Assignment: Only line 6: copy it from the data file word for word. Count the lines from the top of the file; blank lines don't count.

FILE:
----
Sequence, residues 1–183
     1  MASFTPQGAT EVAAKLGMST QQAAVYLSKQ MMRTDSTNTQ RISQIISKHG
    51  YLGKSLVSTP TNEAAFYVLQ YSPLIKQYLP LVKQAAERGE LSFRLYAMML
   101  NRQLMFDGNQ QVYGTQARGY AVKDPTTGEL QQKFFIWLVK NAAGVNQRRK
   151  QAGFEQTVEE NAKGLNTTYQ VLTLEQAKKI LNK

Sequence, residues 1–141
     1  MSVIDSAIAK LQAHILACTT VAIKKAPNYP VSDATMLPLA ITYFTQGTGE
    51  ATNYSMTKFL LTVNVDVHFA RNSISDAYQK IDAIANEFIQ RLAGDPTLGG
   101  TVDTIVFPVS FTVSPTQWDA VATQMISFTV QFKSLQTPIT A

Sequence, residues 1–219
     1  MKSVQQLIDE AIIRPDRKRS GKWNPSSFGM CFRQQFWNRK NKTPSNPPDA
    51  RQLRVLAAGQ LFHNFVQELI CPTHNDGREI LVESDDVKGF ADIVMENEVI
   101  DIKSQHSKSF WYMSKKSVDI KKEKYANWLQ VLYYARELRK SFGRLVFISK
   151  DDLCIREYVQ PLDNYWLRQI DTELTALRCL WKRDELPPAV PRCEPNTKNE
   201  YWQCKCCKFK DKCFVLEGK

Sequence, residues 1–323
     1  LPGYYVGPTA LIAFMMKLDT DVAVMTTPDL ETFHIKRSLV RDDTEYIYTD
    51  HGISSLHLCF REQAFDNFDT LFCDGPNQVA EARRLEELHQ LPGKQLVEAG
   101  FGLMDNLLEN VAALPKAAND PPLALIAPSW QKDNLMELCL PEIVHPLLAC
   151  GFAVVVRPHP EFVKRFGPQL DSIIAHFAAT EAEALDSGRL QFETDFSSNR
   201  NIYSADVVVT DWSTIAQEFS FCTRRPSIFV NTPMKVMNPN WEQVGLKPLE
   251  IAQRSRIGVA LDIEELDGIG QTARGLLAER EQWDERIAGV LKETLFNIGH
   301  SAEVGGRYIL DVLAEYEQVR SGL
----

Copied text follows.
Sequence, residues 1–141